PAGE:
A Magnificent Early Qajar Dynasty Finely Engraved Brass Water Ewer Pitcher And Basin (Aftabeh), Attributed To The Persian Metal Master Baqir Hakkak, Probably Isfahan, Iran, Circa 1800-1850 AD.

Identification Number: 386


This complete set is made for the most privileged individuals where the servants or the house attendants offer their services by bringing the washing facilities strait up to the individuals or guests while they are seated and resting in their divan or guest room mainly before and after having a meal.

The set is made with finely engraved 18th century Indian (Mughal Style) brass ewer and basin with removable and adjustable pierced top or lid where the ewer stands on.

Both ewer and basin with lid are overall decorated with bands and scenes of various shaped cartouches with stylised scrolls of floral and foliate motives.

A very fine and delicate bands of engraved and pierced openwork arabesque motif and palmette designs are decorating the basin lid to allow the water to go through and be accumulated in the basin during the hand washing process.

The washing set is decorated with a row of oval, lozenge or lobed cartouches, featuring different realistic and mythical scenes, such as a group of young men on the back of a ferocious dragon or monster, mythical genies carrying a howdah with two princesses, large scene of men attacking a dragon or a snake, men mounting a large dragon, man trying to save another man been attacked by a lion, and various animals such as lions and birds. Other mythical scenes include a lion attacking a huge snake.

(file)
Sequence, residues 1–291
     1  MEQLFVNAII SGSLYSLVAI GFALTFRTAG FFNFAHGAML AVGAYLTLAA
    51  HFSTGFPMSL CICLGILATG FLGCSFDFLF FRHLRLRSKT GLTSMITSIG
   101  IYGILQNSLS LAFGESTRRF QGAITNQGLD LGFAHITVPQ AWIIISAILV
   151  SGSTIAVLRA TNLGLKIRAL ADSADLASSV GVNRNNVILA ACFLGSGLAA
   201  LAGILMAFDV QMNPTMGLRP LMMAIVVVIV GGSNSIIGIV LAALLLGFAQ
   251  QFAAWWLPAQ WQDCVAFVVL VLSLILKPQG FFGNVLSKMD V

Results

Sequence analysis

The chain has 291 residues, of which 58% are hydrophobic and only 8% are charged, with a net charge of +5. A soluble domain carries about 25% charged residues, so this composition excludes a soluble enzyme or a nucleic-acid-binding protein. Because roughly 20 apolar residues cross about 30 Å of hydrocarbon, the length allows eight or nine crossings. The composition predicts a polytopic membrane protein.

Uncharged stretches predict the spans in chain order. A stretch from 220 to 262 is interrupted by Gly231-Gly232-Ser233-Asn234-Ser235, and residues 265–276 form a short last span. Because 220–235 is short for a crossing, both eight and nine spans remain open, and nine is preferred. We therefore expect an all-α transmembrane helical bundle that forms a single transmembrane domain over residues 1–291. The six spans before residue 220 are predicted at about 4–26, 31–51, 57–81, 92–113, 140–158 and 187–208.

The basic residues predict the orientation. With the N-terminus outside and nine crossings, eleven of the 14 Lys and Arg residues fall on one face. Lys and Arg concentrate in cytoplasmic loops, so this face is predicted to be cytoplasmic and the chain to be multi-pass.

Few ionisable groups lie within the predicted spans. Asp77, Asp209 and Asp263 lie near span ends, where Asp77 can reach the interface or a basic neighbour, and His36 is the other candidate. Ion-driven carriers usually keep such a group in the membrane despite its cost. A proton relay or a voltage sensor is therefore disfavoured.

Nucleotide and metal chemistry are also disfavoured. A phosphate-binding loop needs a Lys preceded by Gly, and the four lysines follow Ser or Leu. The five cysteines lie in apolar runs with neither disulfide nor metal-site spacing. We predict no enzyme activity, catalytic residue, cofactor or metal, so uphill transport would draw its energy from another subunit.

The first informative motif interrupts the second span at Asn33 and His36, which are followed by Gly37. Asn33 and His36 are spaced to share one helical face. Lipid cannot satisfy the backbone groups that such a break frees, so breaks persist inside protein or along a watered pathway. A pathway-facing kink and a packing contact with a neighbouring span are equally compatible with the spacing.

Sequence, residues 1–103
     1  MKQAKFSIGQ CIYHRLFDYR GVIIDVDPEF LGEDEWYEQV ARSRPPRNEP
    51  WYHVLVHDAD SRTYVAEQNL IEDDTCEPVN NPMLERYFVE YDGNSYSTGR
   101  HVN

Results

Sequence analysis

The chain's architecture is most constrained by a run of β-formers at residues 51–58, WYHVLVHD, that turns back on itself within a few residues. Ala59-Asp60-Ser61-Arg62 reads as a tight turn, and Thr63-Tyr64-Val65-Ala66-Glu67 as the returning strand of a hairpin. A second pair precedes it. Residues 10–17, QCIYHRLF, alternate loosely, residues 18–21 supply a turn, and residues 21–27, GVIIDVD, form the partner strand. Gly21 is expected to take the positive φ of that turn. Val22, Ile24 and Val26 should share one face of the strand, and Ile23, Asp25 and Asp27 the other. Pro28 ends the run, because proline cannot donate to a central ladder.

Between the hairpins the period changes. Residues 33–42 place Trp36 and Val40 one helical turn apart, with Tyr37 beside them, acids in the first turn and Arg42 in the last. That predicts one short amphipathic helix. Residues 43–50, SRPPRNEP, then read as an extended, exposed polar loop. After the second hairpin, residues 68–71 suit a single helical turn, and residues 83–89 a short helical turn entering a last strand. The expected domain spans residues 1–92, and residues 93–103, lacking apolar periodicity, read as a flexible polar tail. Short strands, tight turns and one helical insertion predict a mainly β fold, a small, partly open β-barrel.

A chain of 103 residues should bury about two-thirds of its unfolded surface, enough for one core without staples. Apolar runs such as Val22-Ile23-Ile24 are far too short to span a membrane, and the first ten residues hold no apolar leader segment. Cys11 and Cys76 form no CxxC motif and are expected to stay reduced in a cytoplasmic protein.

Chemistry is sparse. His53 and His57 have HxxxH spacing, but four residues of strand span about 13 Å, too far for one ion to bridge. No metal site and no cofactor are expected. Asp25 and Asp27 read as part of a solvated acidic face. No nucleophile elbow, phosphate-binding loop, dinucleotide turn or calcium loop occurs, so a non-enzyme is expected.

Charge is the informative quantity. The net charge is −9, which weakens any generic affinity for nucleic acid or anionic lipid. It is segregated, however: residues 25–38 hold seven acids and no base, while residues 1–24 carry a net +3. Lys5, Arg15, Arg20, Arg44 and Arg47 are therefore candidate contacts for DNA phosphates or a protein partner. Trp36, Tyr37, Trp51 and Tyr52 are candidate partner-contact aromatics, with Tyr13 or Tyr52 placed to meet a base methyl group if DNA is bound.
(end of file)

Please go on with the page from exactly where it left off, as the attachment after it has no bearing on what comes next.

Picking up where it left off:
There are also various scenes of grotesque and curious depictions of human figures, mythological creatures, monsters, genies (jinns), spirits, and demons.

Condition: very good.


The Ewer: 30 cm high, width at largest point between spout and handle 27cm.
The Basin: 28.2cm diam. of top, 11.5cm diam. of base, height 13cm.


For almost an identical water Ewer Pitcher please see Persian Lost Treasures by Vladimir Loukonine & Anatoli Ivanov, page 238, the ewer belongs to the Hermitage Museum, St. Petersburg, inventory No. VS-556, The Ewer is signed by the Persian Master (عمل كمترين باقر حكاك) made by the most humble Baqir Hakkak).